Jacques Arcadelt, also called Jacob Arcadelt, was a popular Franco-Flemish composer of the Renaissance period. He was known for his madrigal works, and produced several volumes of this music form through his career. One of the pioneers of the madrigal styles, Arcadelt was inspired by the texts of various famous poets such as Jacopo Sannazzaro and Petrarch and combined this with his early styles of the sonorous homophony, that led him to consider ‘madrigals’, as a serious music form. Through his time, he composed madrigals, as well as a variety of motets, chansons, hymns and masses. Arcadelt’s reputation rested largely on his madrigal and motel career. Arcadelt set the music and the styles for generations of madrigal composers. He was equally adept at composing chansons, especially when he lived in Paris. Out of his numerous compositions, a large number of his works have been published, and used by various composers to date.
Childhood And Early Life
Jacques Arcadelt or Joseph Arcadelt was probably born in what we now call Belgium, though his origins and early life are uncertain. It is said he was talented as a child, and loved to sing. Although very little is known about his early life, being of Flemish origin, with a French upbringing has led to the various spellings and pronunciations of his name. Through this, historians derived that he may have been born in Leige (modern day Belgium). As a young man, Arcadelt moved to Florence in the 1520’s to study and work with Philippe Verdelot, who wrote and composed the earliest madrigals of the Renaissance period.
Arcadelt’s first known compositions were published in Germany in 1531. These were a group of motets, written in Florentine style, although, these works have not survived to date. Following his motets, Arcadelt composed a wide range of madrigals and published his first set of madrigals in 1538, which are also lost today. The same set of madrigals was republished in 1539. Following the success of his works, he was appointed at the Papal choir at St. Peter’s Basilica in Rome. It is even believed by many of his successive composers that Arcadelt served as a singer in the St. Peter’s choir before turning into a full-fledged composer. In the following years, sources state that Arcadelt registered with the Julian Chapel and the Sistine Chapel where he was chosen as the ‘magister madrigrals’, and where his initial madrigal works gained immense success after 45 republished editions. Out of the four books of his madrigals that he composed during this period, the first of these collections, “Il primo libro di madrigali’ was the most successful.
Arcadelt continued with the Sistine chapel till 1551 as a singer and composer, and left to France for a brief period. During this event, probably in 1552, it is believed that the composer was briefly acquainted with the famous Michelangelo, but the alliance between the two was received with triviality by both artists.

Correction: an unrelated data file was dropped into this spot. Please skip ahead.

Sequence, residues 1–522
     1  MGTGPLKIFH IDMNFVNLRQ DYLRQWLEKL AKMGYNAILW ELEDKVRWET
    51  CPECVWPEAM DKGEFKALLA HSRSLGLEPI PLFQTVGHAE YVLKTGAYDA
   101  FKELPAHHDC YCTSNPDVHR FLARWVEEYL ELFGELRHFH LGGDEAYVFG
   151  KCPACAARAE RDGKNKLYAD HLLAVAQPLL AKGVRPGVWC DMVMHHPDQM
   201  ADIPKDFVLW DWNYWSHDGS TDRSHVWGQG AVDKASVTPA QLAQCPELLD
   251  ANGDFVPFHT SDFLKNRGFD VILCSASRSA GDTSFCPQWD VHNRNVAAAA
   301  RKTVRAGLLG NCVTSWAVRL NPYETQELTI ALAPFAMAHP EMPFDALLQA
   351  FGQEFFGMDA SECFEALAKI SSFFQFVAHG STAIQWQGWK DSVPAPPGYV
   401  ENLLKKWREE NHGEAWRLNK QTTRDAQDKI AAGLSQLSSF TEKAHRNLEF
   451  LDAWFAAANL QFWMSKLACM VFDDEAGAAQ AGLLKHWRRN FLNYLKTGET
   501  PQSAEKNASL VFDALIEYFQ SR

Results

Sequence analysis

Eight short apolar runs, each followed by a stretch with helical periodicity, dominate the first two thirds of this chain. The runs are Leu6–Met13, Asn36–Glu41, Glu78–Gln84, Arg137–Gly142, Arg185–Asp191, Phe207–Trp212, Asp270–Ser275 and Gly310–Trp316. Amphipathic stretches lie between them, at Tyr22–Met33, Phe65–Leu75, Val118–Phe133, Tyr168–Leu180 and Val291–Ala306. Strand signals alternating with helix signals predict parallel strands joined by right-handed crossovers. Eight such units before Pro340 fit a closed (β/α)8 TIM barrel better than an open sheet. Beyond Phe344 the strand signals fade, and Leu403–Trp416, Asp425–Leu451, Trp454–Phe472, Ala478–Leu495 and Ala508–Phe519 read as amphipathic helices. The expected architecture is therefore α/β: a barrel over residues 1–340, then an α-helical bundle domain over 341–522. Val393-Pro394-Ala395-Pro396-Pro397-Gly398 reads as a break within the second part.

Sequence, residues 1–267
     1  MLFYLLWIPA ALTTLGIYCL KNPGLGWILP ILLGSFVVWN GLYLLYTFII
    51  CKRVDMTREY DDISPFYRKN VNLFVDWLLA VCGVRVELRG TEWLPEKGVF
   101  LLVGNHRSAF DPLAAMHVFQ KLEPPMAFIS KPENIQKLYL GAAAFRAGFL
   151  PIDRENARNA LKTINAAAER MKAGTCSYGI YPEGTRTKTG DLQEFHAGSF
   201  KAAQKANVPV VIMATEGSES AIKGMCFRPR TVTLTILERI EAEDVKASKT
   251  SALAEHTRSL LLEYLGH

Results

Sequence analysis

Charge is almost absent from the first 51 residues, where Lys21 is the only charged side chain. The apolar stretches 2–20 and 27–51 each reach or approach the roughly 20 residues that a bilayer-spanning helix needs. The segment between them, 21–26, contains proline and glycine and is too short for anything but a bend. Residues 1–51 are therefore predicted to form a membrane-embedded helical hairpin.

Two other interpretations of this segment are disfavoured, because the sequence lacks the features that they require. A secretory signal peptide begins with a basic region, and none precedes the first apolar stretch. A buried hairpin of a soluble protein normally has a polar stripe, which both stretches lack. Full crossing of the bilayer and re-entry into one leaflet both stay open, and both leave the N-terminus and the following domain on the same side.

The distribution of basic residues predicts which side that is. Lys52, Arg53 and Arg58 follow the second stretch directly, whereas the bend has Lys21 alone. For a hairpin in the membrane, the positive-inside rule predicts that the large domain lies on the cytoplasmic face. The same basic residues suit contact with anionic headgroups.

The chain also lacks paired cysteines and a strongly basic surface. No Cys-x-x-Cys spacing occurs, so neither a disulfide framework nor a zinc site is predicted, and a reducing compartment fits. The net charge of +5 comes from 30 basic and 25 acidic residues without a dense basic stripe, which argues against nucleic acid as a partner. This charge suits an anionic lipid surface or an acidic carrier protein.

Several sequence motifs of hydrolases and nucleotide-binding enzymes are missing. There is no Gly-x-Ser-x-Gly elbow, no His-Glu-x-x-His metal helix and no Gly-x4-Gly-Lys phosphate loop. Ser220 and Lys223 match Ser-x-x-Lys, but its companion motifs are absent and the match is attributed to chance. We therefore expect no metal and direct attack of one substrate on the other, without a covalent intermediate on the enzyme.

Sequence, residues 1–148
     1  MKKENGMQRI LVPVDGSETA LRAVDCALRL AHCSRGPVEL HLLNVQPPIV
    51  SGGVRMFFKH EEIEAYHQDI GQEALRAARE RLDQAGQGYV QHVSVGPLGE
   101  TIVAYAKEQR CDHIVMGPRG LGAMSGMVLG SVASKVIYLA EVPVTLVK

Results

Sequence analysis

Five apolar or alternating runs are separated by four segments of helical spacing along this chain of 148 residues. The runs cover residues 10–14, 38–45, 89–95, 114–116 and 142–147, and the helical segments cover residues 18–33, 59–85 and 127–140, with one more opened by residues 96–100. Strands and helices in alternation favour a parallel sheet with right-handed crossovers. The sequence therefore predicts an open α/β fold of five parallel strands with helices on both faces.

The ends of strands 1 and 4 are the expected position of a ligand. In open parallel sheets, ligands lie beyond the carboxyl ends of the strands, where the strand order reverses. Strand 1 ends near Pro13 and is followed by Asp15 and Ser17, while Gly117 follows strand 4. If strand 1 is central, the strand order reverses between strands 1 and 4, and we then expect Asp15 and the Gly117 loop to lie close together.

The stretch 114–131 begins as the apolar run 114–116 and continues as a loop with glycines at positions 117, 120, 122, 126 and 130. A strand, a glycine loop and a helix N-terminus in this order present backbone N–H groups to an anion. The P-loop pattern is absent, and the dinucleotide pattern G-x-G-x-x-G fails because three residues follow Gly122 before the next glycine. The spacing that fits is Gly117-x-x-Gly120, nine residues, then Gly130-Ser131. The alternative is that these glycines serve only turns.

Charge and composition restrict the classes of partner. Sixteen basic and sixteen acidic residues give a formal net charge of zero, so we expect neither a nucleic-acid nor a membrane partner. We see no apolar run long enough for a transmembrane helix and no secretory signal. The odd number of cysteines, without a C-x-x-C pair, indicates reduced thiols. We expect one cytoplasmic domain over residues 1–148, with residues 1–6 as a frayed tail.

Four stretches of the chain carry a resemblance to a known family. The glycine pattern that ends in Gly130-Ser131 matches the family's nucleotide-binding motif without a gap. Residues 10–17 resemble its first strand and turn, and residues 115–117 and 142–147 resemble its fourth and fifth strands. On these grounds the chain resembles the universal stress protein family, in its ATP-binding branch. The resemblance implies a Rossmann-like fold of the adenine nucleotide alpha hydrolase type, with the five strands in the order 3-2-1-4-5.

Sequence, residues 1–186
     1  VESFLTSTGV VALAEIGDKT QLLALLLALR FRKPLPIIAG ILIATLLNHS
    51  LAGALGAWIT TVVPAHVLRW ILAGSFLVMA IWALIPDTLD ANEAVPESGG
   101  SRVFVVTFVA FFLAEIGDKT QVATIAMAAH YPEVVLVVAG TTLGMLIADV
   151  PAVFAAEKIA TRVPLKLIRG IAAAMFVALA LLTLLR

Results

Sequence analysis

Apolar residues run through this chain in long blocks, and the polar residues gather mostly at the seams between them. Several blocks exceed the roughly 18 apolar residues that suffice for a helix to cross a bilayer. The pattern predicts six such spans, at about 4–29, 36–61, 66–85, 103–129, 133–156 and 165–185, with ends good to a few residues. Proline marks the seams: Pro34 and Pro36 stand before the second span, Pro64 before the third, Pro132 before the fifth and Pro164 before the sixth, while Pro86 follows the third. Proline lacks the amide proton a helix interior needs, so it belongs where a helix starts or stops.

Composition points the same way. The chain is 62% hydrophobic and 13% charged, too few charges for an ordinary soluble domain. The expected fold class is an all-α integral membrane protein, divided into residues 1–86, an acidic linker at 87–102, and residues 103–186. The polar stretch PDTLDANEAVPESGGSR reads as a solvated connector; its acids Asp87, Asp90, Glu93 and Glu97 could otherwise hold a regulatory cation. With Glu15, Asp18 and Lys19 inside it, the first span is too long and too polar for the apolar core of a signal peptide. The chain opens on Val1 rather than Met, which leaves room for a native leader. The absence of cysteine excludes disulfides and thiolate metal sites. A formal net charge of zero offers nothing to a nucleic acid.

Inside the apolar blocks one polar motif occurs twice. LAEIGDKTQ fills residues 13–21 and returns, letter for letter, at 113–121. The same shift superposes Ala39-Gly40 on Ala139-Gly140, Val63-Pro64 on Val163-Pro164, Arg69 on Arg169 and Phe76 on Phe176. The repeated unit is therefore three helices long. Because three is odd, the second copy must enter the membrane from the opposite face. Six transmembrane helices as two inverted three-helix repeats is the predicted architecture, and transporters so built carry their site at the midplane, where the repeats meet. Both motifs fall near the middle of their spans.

Once he returned back to the Sistine Chapel, Arcadelt wrote over 200 madrigals before he left for France, where he lived for the rest of his life. Following the successes of his madrigal works, Arcadelt changed styles and experimented with chansons, masses and motets, which were also received with the same amount of frenzied appreciation. In 1557, he wrote and published a book of masses, which he dedicated to his new employer, Charles de Guise. There have been various debates that have suggested that Arcadelt also briefly served both Charles IX and Henry II during the later phases of his career. Once he received tremendous success with his motets and chansons, he employed a publishing company in France (Le Roy and Ballard) to print his works in the same manner the Venetian printers had earlier printed his madrigals.
Through his productive career, Arcadelt published secular and sacred music and also composed a total of 125 chansons. More than 200 madrigals have been recorded, which survive namelessly in document sources. He experimented with various styles such as polyphonic styles and the ‘frottola’ styles. Most of his madrigals were syllabic and polyphonic in texture. According to his followers, his madrigal works best represented the ‘classical’ phase of music. He often involved word-painting, real-life situations, four-part writing and virtuosity in his music. After becoming immensely popular in Europe, he wrote countless intabulations for instruments such as the viol, guitar and the lute. To bring out the expressionist styles of music in his works, he was often inspired by classical poets such as Petrarch, Bembo and Sannazzaro, who often helped him set the tempo and the tone of his music.
Most of Arcadelt’s chansons were of madrigal styles and simple. It is said that most of his chansons were ‘contrafecta’ of his original madrigals, which meant that the same songs were reprinted with new words in a different language than the original one. In addition to his copious madrigal and chanson works, Arcadelt was also known for his sacred music. Most of his masses were in the settings of the ‘Magnificat’ and were written during his tenures at the Sistine Chapel and the papal Chapel in Rome.
Jacques Arcadelt passed away on October 14, 1568 in Paris. The reasons behind the composer’s death are unknown.
- ‘Il primo libro di madrigali – 1539’
- ‘Il secondo libro de madrigali – 1539’
- ‘Il Vero secondo libro di madrigali- 1539’
- ‘Il quarto libro di madrigali – 1539’
- ‘Primo libro di madrigali – 1542’
- ‘Lamentationes Jeremiae III – 1557’
- ‘Magnificat primi toni - 1557’
- Sisieme livre de chansons – 1569’
- ‘Tiers livres de chansons – 1567’
- ‘Missa tres – 1557’